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Re: data structure question

by tobyink (Abbot)
on Aug 30, 2013 at 12:12 UTC ( #1051616=note: print w/ replies, xml ) Need Help??


in reply to data structure question

Time for you to learn OOP!

{ package Person; use Moo; has name => (is => 'ro', required => 1); has age => (is => 'rw', required => 1); sub introduce_yourself { my $self = shift; printf("My name is %s, and I am %d years old.\n", $self->name, + $self->age); } } my $alice = Person->new(name => 'Alice', age => 32); $alice->introduce_yourself;

Note that we don't need to pass any $name and $age variables to introduce_yourself. It picks them up automatically from the $self object.

And because we've not used any globals, we can easily have two people living side by side. They each get their own copy of name and age and don't get them mixed up:

my $alice = Person->new(name => 'Alice', age => 32); my $bob = Person->new(name => 'Bob', age => 31); $_->introduce_yourself for $alice, $bob;

When two people are living side by side, they don't always remain just two people. Let's extend Person with the ability to breed more people...

{ package Person; use Moo; has name => (is => 'ro', required => 1); has age => (is => 'rw', required => 1); sub introduce_yourself { my $self = shift; printf("My name is %s, and I am %d years old.\n", $self->name, + $self->age); } } { package Breeding; use Moo::Role; has children => (is => 'ro', default => sub { return []; }); sub is_parent { my $self = shift; @{ $self->children }; } sub bear_children { my $self = shift; my ($partner, @kids_names) = @_; for my $name (@kids_names) { my $kid = ref($self)->new(name => $name, age => 0); push @{ $self->children }, $kid; push @{ $partner->children }, $kid; } return; } } { package Person::Breeding; use Moo; extends 'Person'; with 'Breeding'; } my $alice = Person::Breeding->new(name => 'Alice', age => 32); my $bob = Person::Breeding->new(name => 'Bob', age => 31); $_->introduce_yourself for $alice, $bob; $alice->bear_children($bob, 'Carol', 'Dave', 'Eve'); print "Bob is a father!\n" if $bob->is_parent;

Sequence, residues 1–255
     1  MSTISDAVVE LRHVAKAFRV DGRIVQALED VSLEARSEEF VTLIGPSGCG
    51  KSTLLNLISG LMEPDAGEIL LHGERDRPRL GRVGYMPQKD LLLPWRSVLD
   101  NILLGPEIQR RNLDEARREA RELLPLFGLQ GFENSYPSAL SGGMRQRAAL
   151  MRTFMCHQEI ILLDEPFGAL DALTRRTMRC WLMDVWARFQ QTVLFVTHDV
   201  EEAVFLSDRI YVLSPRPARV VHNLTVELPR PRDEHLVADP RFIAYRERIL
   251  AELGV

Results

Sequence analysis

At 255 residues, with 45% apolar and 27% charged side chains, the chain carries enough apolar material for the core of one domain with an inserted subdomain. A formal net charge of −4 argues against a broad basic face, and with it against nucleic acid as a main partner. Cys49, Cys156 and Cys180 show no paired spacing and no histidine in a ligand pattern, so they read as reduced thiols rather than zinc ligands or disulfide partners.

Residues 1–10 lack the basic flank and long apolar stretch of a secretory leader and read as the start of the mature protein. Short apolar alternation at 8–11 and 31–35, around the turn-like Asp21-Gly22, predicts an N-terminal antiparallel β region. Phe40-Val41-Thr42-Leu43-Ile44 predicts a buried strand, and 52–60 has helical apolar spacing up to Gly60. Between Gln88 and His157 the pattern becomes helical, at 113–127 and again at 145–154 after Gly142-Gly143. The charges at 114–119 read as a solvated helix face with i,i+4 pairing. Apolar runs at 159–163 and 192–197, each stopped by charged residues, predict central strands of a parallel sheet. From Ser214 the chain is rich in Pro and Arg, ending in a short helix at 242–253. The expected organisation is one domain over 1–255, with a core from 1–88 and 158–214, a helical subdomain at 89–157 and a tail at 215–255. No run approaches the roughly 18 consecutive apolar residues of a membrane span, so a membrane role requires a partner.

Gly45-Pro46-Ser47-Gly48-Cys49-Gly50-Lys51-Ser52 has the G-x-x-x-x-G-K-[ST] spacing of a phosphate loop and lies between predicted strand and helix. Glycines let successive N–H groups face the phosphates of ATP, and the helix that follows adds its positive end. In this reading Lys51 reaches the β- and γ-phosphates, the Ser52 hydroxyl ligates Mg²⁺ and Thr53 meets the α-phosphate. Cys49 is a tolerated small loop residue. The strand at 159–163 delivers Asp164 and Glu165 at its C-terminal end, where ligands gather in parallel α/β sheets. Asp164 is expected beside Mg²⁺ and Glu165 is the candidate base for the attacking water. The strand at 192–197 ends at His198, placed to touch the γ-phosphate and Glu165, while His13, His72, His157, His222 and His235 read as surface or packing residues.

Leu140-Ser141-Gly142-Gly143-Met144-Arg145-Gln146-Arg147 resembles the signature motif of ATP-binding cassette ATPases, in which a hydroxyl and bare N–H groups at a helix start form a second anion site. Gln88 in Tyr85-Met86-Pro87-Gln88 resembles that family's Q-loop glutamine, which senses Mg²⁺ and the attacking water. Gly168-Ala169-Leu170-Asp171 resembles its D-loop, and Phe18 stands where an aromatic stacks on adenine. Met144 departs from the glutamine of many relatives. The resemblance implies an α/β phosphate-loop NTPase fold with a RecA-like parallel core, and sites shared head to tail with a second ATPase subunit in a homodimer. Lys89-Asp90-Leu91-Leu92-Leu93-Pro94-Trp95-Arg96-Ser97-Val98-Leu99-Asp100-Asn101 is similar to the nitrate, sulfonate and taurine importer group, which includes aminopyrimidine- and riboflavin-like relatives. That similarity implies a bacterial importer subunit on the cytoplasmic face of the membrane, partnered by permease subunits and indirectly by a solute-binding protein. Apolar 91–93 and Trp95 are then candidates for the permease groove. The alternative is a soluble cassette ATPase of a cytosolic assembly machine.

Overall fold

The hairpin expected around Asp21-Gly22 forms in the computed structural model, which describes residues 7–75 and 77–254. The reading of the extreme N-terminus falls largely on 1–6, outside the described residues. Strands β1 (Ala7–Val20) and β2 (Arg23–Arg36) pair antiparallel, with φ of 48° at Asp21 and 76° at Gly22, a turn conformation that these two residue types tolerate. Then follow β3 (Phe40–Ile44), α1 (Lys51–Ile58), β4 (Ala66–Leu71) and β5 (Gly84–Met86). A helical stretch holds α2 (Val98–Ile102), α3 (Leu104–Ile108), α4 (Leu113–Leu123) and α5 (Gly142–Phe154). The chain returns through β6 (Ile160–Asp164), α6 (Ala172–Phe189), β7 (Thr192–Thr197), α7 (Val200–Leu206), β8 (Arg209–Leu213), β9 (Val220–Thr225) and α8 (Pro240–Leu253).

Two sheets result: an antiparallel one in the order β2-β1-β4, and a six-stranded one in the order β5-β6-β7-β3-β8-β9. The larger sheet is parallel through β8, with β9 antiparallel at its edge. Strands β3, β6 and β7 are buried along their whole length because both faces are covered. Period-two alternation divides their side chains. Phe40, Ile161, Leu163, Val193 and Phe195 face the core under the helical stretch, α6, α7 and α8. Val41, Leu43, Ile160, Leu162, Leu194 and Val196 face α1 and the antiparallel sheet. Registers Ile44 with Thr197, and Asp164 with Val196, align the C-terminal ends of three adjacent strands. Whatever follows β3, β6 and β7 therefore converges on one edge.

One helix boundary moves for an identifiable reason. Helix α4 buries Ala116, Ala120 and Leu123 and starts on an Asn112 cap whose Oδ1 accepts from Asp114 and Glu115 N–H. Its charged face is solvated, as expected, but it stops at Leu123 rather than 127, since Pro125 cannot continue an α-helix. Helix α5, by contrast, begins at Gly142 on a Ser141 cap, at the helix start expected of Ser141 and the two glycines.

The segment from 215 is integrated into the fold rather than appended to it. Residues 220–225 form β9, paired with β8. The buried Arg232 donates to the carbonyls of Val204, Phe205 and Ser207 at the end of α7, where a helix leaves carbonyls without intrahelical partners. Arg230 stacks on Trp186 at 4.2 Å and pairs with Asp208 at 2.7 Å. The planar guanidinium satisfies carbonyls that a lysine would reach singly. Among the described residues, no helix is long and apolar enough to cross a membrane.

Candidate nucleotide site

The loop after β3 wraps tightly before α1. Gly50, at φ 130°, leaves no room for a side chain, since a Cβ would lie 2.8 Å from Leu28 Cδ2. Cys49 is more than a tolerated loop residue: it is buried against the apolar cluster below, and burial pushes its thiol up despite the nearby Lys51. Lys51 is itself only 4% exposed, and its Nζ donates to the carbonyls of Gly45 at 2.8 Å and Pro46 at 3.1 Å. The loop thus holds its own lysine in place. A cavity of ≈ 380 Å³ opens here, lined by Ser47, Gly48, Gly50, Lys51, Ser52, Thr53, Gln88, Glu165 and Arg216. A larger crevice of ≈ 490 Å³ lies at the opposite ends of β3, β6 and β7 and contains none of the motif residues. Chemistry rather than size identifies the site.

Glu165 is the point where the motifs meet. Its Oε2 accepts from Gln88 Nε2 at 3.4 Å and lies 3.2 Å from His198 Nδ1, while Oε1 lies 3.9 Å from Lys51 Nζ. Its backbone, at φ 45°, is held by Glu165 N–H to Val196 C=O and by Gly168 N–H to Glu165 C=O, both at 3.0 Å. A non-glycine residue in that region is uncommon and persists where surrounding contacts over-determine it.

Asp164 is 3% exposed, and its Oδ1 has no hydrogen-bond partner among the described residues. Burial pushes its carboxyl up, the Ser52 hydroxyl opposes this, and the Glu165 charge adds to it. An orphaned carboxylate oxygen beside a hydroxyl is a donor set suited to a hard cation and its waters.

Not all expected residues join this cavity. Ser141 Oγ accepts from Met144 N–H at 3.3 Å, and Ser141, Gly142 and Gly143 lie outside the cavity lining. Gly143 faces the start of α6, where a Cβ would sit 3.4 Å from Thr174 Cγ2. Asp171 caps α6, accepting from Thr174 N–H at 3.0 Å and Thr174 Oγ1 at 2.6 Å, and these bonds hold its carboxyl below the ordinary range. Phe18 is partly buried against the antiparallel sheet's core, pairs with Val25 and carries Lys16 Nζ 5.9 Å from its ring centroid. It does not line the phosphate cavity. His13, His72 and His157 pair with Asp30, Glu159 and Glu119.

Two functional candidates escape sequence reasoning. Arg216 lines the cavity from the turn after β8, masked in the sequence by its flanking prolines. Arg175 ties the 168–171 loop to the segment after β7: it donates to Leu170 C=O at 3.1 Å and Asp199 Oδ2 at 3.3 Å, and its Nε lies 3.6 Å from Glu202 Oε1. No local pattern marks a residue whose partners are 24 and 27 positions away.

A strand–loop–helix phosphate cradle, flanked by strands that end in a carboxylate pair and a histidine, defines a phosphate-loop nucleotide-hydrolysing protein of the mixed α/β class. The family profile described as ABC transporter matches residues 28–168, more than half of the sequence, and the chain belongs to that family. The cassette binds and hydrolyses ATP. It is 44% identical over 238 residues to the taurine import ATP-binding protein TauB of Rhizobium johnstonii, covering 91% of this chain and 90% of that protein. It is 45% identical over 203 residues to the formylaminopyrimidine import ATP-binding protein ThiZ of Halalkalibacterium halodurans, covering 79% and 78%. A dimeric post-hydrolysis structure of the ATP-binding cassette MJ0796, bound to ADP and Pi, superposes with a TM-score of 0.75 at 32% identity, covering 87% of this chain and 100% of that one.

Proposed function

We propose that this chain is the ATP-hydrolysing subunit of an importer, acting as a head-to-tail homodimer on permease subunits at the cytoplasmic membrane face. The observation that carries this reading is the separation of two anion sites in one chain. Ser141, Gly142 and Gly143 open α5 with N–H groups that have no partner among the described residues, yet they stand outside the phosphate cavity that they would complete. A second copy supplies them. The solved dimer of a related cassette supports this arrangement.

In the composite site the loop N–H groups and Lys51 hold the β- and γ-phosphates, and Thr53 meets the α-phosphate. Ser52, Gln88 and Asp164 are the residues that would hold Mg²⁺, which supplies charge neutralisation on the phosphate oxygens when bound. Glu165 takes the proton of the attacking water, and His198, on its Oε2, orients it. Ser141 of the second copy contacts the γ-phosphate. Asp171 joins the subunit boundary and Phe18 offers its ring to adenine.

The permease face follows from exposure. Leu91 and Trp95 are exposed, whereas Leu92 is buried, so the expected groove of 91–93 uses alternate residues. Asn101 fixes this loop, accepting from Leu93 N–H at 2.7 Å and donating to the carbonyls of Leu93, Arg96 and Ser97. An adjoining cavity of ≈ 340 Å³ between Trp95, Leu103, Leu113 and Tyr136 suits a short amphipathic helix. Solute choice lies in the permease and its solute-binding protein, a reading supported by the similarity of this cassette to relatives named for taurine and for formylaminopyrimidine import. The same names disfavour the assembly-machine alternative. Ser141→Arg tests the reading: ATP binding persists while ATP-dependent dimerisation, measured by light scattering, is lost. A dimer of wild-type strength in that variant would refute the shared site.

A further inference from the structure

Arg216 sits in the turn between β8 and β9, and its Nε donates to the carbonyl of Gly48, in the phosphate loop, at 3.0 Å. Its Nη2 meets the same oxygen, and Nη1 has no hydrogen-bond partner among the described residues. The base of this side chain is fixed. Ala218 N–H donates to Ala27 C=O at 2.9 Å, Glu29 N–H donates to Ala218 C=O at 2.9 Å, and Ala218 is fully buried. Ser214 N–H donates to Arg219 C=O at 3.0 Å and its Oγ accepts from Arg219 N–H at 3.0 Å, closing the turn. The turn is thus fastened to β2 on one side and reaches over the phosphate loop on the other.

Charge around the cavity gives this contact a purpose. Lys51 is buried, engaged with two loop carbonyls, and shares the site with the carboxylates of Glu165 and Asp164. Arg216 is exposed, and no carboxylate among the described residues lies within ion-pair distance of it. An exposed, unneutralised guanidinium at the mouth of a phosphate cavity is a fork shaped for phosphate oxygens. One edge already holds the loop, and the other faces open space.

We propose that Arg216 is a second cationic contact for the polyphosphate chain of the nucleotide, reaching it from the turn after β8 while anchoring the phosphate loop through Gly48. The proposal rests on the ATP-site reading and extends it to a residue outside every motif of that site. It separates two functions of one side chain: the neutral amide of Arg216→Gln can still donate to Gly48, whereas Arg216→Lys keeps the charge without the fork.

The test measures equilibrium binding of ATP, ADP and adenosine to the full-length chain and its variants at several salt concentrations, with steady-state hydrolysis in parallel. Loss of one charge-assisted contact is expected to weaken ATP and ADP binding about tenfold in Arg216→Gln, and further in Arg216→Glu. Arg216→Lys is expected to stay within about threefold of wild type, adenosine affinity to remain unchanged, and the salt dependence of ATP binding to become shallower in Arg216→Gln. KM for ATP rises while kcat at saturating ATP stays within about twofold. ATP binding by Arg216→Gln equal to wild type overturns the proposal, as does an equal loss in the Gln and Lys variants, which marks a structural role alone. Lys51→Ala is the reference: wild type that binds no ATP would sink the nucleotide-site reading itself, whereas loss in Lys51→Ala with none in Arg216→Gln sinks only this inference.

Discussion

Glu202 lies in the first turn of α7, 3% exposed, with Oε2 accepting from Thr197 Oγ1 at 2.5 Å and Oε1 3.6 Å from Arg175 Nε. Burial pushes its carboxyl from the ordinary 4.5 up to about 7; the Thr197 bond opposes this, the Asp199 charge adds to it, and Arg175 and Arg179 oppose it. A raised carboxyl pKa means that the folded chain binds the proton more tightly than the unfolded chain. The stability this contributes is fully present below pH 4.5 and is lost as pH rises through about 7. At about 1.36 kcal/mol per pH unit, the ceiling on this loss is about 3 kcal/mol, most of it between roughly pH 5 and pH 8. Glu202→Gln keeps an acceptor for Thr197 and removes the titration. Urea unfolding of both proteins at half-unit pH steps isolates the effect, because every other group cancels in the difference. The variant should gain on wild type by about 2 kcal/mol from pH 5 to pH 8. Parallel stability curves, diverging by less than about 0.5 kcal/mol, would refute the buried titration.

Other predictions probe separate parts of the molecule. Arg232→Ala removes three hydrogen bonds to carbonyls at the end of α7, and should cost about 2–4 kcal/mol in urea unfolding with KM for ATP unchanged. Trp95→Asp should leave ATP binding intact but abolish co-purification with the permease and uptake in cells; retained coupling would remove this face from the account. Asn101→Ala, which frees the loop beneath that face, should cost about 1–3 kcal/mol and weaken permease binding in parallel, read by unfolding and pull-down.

PS: in the interest of pimping my new project Moops, here's that last example again, using Moops instead of plain Moo:

use Moops; class Person { has name => (is => 'ro', required => 1); has age => (is => 'rw', required => 1); method introduce_yourself () { printf("My name is %s, and I am %d years old.\n", $self->name, + $self->age); } } role Breeding { has children => (is => 'ro', default => sub { return []; }); method is_parent () { @{ $self->children }; } method bear_children ($partner, @kids_names) { for my $name (@kids_names) { my $kid = ref($self)->new(name => $name, age => 0); push @{ $self->children }, $kid; push @{ $partner->children }, $kid; } return; } } class Person::Breeding extends Person with Breeding; my $alice = Person::Breeding->new(name => 'Alice', age => 32); my $bob = Person::Breeding->new(name => 'Bob', age => 31); $_->introduce_yourself for $alice, $bob; $alice->bear_children($bob, 'Carol', 'Dave', 'Eve'); say "Bob is a father!" if $bob->is_parent;
use Moops; class Cow :rw { has name => (default => 'Ermintrude') }; say Cow->new->name


Comment on Re: data structure question
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Re^2: data structure question
by Lotus1 (Chaplain) on Aug 30, 2013 at 12:42 UTC
    if $bob->is_parent;

    It's a paternity test.

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